The right branching model will improve any team’s collaboration, quality, and speed. The wrong model will do exactly the opposite. These are the 3 most used branching models.
Name a company that develops software, there’s a very high chance they’re are using Git to source control their codebase. Actually, there’s a 77% chance, according to Smartbear’s State of Code Review 2020 Report.
There’s also a very high chance this company has a code review process in place. An 84% chance according to Codegrip’s Code Review Trends in 2020 report.
However, there isn’t a single standardized methodology to develop software using Git and Code Reviews because it’s highly dependent on the team and the project characteristics. It’s entirely up to the team to choose which methodology better suits their software development needs and goals.
We’ll go over the 3 main methodologies (also called branching models or branching strategies):
- Git Flow
- GitHub Flow
- Trunk Based Development
Rarely a blog post has such an impact in the industry as the one Vincent Driessen published on January 05, 2010, named A successful Git branching model.
In his post, Driessen laid out Git Flow, a robust and strict branching model that became the industry standard for software development for years.
It brought parallel development to the masses, created the perfect conditions for collaborative programming, and it scaled easily.
With it, many companies managed to grow large and efficient teams and to deploy very complex software.
With Git Flow, the repository is centered on the
develop branches, and it is supported by
hotfix branches, as described in this diagram:
Code Reviews play an essential part in ensuring the code is up to standard and bug-free when merging
feature branches to the
Git Flow allows for a very methodic and orchestrated software development but comes at a very high cost:
- the sheer volume of branches and its overhead is a nightmare to maintain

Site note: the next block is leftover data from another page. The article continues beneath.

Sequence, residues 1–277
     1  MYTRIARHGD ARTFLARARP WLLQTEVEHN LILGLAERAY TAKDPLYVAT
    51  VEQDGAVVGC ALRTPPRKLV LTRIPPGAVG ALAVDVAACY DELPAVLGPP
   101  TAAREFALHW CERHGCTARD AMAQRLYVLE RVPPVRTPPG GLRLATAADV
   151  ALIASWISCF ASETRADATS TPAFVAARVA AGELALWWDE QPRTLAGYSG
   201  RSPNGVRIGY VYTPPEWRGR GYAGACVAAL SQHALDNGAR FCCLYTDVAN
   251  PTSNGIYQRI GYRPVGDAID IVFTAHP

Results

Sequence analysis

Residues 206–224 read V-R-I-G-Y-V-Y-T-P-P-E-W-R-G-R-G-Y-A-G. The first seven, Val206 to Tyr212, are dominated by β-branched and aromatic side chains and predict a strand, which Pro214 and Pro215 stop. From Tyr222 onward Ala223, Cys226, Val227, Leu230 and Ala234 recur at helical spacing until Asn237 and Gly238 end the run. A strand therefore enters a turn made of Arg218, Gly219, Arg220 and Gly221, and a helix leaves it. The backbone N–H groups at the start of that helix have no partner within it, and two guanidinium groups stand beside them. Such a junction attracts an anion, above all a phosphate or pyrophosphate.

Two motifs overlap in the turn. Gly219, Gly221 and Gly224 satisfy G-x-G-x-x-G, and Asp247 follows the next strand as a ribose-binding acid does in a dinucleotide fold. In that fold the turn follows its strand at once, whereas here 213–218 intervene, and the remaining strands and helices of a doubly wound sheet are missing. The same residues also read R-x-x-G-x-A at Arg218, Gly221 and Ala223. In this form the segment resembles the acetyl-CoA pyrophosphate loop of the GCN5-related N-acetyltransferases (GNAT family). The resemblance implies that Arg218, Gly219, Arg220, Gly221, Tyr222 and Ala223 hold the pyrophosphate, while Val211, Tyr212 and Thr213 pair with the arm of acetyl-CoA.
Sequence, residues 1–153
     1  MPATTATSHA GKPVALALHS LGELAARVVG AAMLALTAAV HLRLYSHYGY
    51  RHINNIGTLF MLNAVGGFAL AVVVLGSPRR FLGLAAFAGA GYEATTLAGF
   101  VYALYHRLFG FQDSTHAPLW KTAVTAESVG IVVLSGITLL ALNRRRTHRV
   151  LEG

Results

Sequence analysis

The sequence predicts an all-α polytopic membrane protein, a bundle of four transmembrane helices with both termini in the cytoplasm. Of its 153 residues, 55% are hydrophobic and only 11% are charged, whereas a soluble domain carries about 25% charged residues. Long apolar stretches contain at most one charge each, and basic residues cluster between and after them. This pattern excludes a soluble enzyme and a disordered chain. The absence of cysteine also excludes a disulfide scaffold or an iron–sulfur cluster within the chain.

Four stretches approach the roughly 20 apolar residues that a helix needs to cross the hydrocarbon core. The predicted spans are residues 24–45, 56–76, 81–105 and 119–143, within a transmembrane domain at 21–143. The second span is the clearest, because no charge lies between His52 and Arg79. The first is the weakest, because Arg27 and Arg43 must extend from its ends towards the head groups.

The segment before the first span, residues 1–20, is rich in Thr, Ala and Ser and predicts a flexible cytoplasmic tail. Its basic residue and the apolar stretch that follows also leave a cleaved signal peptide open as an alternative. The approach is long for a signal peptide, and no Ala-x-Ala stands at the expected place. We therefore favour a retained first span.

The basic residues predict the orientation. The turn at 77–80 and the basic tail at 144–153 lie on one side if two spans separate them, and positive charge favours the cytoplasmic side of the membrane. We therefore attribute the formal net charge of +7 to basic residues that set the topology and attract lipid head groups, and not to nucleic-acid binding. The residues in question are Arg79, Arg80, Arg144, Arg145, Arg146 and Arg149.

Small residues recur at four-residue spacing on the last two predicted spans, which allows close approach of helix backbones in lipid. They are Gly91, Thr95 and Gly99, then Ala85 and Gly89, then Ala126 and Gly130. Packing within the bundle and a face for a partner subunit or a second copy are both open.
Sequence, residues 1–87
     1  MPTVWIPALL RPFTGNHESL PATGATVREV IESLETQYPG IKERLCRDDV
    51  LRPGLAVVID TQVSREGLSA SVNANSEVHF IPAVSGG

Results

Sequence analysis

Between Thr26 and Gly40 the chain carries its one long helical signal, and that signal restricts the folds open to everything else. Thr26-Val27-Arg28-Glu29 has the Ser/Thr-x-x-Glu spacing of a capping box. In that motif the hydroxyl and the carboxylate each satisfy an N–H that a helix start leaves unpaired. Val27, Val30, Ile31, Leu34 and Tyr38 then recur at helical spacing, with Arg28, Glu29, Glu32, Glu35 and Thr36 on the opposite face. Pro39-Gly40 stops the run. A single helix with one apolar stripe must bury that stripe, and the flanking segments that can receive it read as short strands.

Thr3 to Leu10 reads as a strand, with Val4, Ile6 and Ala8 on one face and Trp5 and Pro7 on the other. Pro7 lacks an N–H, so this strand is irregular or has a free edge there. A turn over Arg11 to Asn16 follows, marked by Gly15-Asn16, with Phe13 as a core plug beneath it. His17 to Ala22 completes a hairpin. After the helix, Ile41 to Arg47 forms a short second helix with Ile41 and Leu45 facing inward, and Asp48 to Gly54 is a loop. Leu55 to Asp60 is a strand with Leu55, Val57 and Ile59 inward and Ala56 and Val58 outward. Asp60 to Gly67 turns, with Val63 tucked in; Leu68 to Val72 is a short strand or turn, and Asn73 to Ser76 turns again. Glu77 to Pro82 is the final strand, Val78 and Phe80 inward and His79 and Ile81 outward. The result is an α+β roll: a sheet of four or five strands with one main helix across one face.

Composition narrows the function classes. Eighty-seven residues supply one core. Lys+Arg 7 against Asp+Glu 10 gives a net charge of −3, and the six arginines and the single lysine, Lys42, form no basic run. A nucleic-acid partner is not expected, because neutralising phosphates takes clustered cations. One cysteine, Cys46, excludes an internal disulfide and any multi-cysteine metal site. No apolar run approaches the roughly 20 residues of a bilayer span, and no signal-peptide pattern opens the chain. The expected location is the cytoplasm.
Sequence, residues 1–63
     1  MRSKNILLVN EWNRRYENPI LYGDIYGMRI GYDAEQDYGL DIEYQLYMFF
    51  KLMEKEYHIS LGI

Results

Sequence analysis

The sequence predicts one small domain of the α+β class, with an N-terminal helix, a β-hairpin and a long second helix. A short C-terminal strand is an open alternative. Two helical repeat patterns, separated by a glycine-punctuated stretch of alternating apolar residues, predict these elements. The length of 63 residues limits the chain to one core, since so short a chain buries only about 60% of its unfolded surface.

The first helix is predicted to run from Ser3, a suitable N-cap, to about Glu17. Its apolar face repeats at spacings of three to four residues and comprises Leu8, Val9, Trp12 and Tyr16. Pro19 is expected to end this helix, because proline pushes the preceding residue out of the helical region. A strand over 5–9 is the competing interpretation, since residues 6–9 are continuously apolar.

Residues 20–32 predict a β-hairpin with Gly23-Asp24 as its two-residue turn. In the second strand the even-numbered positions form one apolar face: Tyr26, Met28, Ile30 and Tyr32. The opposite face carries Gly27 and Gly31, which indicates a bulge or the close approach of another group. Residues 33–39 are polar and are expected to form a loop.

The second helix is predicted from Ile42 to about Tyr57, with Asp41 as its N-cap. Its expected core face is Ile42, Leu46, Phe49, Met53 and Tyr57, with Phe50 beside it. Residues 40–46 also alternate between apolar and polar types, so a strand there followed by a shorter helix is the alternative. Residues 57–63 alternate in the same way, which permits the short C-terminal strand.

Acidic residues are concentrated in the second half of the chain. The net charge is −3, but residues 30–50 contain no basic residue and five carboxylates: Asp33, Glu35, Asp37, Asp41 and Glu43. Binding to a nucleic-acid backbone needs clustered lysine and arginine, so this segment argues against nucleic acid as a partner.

- teams have to be extremely disciplined otherwise they will end up with long-lived branches impossible to merge
With the advent of web apps and continuous delivery, a lighter and faster branching model gained traction: GitHub Flow. As you might’ve guessed, it was created and popularized by the very own GitHub.
It’s centered on the
Main is always releasable. Developers create a new
feature branch to make changes. After reviewing these changes for bugs and code quality they will be deployed to production. If they cause problems, a rollback from
main will take place, otherwise, the
feature branch is merged to the
Compared to Git Flow, GitHub Flow is much lighter. Maintenance is very low because the only long-lived branch is
However, GitHub Flow inherits other drawbacks from Git Flow. Undisciplined teams that keep
feature branches open for weeks risk serious problems when trying to merge. Ultimately, a failed merge can leave
main undeployable, and that’s a big red flag for continuous delivery.
Also going by TBD, Trunk-Based Development is somewhat famously documented at trunkbaseddevelopment.com. In this branching model, developers make changes directly in a single branch called
Trunk is deployable at all times. Changes should be summited daily. Unfinished features should be unexposed with the help of feature flags.
The catch is that this method can only work in small teams, with seasoned developers, and pair-programming is highly recommended. The pace is very fast because there is very little, if any, overhead. The team must be very skilled and cautious because everything goes directly to the
This TBD model is actually officially called Trunk-Based Development For Smaller Teams. Despite its shortcomings, TBD for Smaller Teams is highly regarded by the software development community for its extremely lightweight workflow.
Luckily TBD has another trick up its sleeve: Scaled Trunk-Based Development. In order to operate at scale, this branching model uses short-lived
feature branches with a life span of a few days (maximum) before merging to the
trunk, which is deployable at all times.
Work in progress should be kept to a minimum, not only to avoid merging problems with long-lived
feature branches, but also to make up for easier and faster code reviews.
Code reviews will guarantee only quality code is merged to the
trunk and will allow for very early defect detection.
With Scale TBD, continuous integration is guaranteed, parallel development is supported, and quality is ensured with simple code reviews. It allows for quicker iterations with fewer errors, and it’s always deployable with very little branch management.
It goes without saying that each team and/or product might warrant different needs in a branching model. Teams should take extra care choosing one.
Whichever branching model is chosen, it is very (!) important that it’s crystal clear to every team member what are the rules and steps in the workflow. Without it, any model will fail to bring out the best of the team and the product.